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Advanced methods of encapsulation

https://library.fpinnovations.ca/en/permalink/fpipub6091
Author
Osborne, Lindsay
Roy-Poirier, A.
Date
November 2016
Edition
44220
Material Type
Research report
Field
Sustainable Construction
Author
Osborne, Lindsay
Roy-Poirier, A.
Contributor
Forestry Innovation Investment
Date
November 2016
Edition
44220
Material Type
Research report
Physical Description
66 p.
Sector
Wood Products
Field
Sustainable Construction
Research Area
Building Systems
Subject
Building construction
Wood frame
Design
Fire
Series Number
W-3261
Language
English
Abstract
Neither the National Building Code of Canada (NBCC) [1], nor any provincial code, such as the British Columbia Building Code (BCBC) [2], currently provide “acceptable solutions” to permit the construction of tall wood buildings, that is buildings of 7 stories and above. British Columbia, however, was the first province in Canada to allow mid-rise (5/6 storey) wood construction and other provinces have since followed. As more mid-rise wood buildings are erected, their benefits are becoming apparent to the industry, and therefore they are gaining popularity and becoming more desirable. Forest product research has now begun to shift towards more substantial buildings, particularly in terms of height. High-rise buildings, typically taller than 6 storeys, are currently required to achieve 2 h fire resistance ratings (FRR) for floors and other structural elements, and need to be of non-combustible construction, as per the “acceptable solutions” of Division B of the NBCC [1]. In order for a tall wood building to be approved, it must follow an “alternative solution” approach, which requires demonstrating that the design provides an equivalent or greater level of safety as compared to an accepted solution using non-combustible construction. One method to achieve this level of safety is by ‘encapsulating’ the assembly to provide additional protection before wood elements become involved in the fire, as intended by the Code objectives and functional statements (i.e., prolong the time before the wood elements potentially start to char and their structural capacity is affected). It is also necessary to demonstrate that the assembly, in particular the interior finishes, conform to any necessary flame spread requirements. The Technical Guide for the Design and Construction of Tall Wood Buildings in Canada [3] recommends designing a tall wood building so that it is code-conforming in all respects, except that it employs mass timber construction. The guide presents various encapsulation methods, from full encapsulation of all wood elements to partial protection of select elements. National Research Council Canada (NRC), FPInnovations, and the Canadian Wood Council (CWC) began specifically investigating encapsulation techniques during their Mid-Rise Wood Buildings Consortium research project, and demonstrated that direct applied gypsum board, cement board and gypsum-concrete can delay the effects of fire on a wood substrate [4]. There is extensive data on the use of gypsum board as a means of encapsulation for wood-frame assemblies and cold-formed steel assemblies. However, tall wood buildings are more likely to employ mass timber elements due to higher load conditions, requirements for longer fire resistance ratings, as well as other factors. There is little knowledge currently available related to using gypsum board directly applied to mass timber, or in other configurations, for fire protection. Testing performed to date has been limited to direct applied Type X gypsum board using standard screw spacing, and showed promising results [5, 6, 7]. This represents an opportunity for other configurations that might provide enhanced protection of wood elements to be investigated. Being able to provide equivalent fire performance of assemblies between non-combustible and combustible construction will thus improve the competiveness of tall timber buildings by providing additional options for designers.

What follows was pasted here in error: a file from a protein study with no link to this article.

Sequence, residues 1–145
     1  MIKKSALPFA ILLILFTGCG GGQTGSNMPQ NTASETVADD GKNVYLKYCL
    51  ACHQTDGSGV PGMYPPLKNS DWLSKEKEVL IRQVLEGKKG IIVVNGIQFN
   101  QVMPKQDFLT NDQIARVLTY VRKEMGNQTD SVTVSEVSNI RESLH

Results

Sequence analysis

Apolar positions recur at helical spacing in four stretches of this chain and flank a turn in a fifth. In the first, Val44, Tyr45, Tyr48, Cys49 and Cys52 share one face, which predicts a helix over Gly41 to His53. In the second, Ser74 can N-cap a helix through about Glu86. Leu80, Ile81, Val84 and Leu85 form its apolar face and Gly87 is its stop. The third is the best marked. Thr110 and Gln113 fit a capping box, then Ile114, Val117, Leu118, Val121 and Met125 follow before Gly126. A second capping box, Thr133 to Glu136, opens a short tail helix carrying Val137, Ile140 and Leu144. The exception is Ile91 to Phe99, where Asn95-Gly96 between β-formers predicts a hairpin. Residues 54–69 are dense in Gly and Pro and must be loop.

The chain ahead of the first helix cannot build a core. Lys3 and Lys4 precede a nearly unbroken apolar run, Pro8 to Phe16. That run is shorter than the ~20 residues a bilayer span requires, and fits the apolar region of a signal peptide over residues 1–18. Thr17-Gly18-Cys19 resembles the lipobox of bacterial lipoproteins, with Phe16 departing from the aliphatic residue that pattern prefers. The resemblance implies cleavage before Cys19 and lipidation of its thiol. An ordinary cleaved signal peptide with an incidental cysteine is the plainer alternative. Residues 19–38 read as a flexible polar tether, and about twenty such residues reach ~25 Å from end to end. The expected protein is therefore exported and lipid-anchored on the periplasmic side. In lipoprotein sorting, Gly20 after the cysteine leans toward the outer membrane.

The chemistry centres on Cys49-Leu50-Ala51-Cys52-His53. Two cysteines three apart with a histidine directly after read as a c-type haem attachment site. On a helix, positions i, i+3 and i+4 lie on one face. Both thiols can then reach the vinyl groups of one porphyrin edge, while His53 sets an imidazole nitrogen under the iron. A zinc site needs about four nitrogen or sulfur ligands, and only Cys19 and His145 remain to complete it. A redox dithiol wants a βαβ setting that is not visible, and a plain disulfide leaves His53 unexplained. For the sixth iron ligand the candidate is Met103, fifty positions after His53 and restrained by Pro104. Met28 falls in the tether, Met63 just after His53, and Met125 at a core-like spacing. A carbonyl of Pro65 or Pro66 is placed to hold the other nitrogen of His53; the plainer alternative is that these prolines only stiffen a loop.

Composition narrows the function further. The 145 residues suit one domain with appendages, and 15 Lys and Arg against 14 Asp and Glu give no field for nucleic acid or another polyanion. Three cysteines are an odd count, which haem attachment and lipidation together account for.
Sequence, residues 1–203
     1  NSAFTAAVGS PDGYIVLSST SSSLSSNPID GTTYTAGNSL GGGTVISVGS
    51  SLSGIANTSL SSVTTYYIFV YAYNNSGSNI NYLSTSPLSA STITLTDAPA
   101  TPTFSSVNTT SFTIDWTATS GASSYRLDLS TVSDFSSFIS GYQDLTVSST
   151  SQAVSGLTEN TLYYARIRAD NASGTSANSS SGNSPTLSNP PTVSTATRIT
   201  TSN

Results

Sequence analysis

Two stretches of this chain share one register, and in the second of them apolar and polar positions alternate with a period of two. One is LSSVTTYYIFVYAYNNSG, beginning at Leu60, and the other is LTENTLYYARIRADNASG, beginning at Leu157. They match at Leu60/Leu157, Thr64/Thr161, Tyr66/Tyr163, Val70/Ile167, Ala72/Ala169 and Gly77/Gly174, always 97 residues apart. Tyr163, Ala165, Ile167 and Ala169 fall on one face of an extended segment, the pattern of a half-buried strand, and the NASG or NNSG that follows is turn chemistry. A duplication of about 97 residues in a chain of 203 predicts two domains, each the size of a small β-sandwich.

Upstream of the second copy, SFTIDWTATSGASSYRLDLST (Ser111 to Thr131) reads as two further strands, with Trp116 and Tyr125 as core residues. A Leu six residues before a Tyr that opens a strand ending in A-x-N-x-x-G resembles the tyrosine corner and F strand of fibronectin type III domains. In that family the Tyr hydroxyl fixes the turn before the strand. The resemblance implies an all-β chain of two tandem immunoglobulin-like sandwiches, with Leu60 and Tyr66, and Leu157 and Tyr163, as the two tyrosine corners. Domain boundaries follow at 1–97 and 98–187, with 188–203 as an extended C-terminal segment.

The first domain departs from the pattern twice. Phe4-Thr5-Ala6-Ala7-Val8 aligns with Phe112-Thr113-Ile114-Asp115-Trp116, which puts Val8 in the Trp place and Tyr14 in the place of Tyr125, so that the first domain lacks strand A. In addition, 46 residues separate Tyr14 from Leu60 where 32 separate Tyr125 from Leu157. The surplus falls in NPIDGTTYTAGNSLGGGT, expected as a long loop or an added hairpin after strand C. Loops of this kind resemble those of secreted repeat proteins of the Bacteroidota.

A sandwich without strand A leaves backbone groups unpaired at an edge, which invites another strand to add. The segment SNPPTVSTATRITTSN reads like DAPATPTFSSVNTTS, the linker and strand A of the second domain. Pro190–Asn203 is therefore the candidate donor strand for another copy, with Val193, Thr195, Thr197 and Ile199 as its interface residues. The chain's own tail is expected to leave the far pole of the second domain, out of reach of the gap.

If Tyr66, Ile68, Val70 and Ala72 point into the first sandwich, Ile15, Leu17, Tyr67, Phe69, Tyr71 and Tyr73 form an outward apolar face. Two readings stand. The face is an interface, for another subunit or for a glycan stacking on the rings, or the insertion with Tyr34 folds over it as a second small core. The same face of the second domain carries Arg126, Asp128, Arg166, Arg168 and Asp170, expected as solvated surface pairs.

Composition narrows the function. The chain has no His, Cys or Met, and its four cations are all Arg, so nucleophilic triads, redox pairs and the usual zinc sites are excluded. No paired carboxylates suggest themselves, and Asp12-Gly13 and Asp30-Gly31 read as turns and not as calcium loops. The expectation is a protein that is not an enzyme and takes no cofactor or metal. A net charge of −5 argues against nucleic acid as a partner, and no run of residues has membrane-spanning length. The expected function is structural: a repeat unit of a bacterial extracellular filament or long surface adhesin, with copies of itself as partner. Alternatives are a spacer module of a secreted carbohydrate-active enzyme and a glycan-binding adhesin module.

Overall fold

Revision of March 2015 edition
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Le contrôle des moisissures avant et après séchage

https://library.fpinnovations.ca/en/permalink/fpipub49652
Author
Gignac, Manon
Date
2016
Material Type
Research report
Field
Wood Manufacturing & Digitalization
Author
Gignac, Manon
Date
2016
Material Type
Research report
Physical Description
36 p.
Sector
Wood Products
Field
Wood Manufacturing & Digitalization
Research Area
Advanced Wood Manufacturing
Subject
Fungi
Wood
Wood fungi
Forestry
Drying
Prevention
Location
Québec, Québec
Language
French
Abstract